In other words, California’s reserve fund is likely to be used up in a hurry, especially given the opportunity to serve the pent-up demand created by the FHFA’s four-year lull.

It’s a great concept and a good start, but when Fannie and Freddie put their boot on your neck, you’ll need more than a modest loan reserve fund to get property-based financing for residential property back in the race.

Photo credit: kennysarmy

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About John Farrell

John Farrell directs the Energy Democracy initiative at the Institute for Local Self-Reliance and he develops tools that allow communities to take charge of their energy future, and pursue the maximum economic benefits of the transition to 100% renewable power. More

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  • TedKidd

    Pace sucks. Why? Not simply because of the complete lack of accountability or transparency of results, the big answer: Split-incentive.

    There is huge opportunity in Energy Efficiency if you solve the problem of split incentive, and Pace cements split incentive by blocking the true solution – On Bill Recovery.

    Want to benefit homes that REALLY need improving, homes that have BIG energy savings opportunity? Find a way to improve rental properties. A way that is appealing to both landlord and tenant. That way is On Bill Recovery.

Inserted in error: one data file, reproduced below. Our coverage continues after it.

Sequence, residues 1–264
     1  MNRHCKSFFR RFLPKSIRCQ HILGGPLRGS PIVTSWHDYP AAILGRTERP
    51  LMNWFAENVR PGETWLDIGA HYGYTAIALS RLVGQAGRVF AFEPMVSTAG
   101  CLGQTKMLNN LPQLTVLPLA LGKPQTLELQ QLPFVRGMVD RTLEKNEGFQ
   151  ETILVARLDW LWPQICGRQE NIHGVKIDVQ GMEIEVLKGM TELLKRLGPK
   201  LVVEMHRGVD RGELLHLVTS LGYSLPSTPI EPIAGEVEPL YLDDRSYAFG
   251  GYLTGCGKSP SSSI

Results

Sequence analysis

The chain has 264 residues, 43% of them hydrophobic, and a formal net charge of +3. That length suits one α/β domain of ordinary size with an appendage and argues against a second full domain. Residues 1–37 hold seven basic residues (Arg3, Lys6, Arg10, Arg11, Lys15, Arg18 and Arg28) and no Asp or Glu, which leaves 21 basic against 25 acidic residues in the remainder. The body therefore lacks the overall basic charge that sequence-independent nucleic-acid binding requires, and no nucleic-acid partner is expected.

As an Energy Efficiency expert, a landlord, and having a background in Economics and Financial Planning, On Bill is something I can sell to landlords, pace is not.

    Even if it doesn’t cover the whole improvement, offer to put 70% of the cost On-Bill, have happier tenants and lower turnover – that’s an offer only the most feeble minded would ignore.

    Pace adds a burden to property owners with little certainty of benefit. Where is the tie to results? On Bill finances to the point of energy savings, making it cash flow neutral transfer of operating expense to asset.

  • Mark Gold

    I believe you are assuming a 1% loss rate of a 100% LGD for a 1% default rate. That is highly unlikely given the loss amounts are only accruals over the delinquency period until home sale. After home sale, I understand that the outstanding balance of a PACE assessment becomes the responsibility of the new home owner as the obligation adheres to the property. Moreover, not every mortgage default will result in a mortgage loss for the GSEs.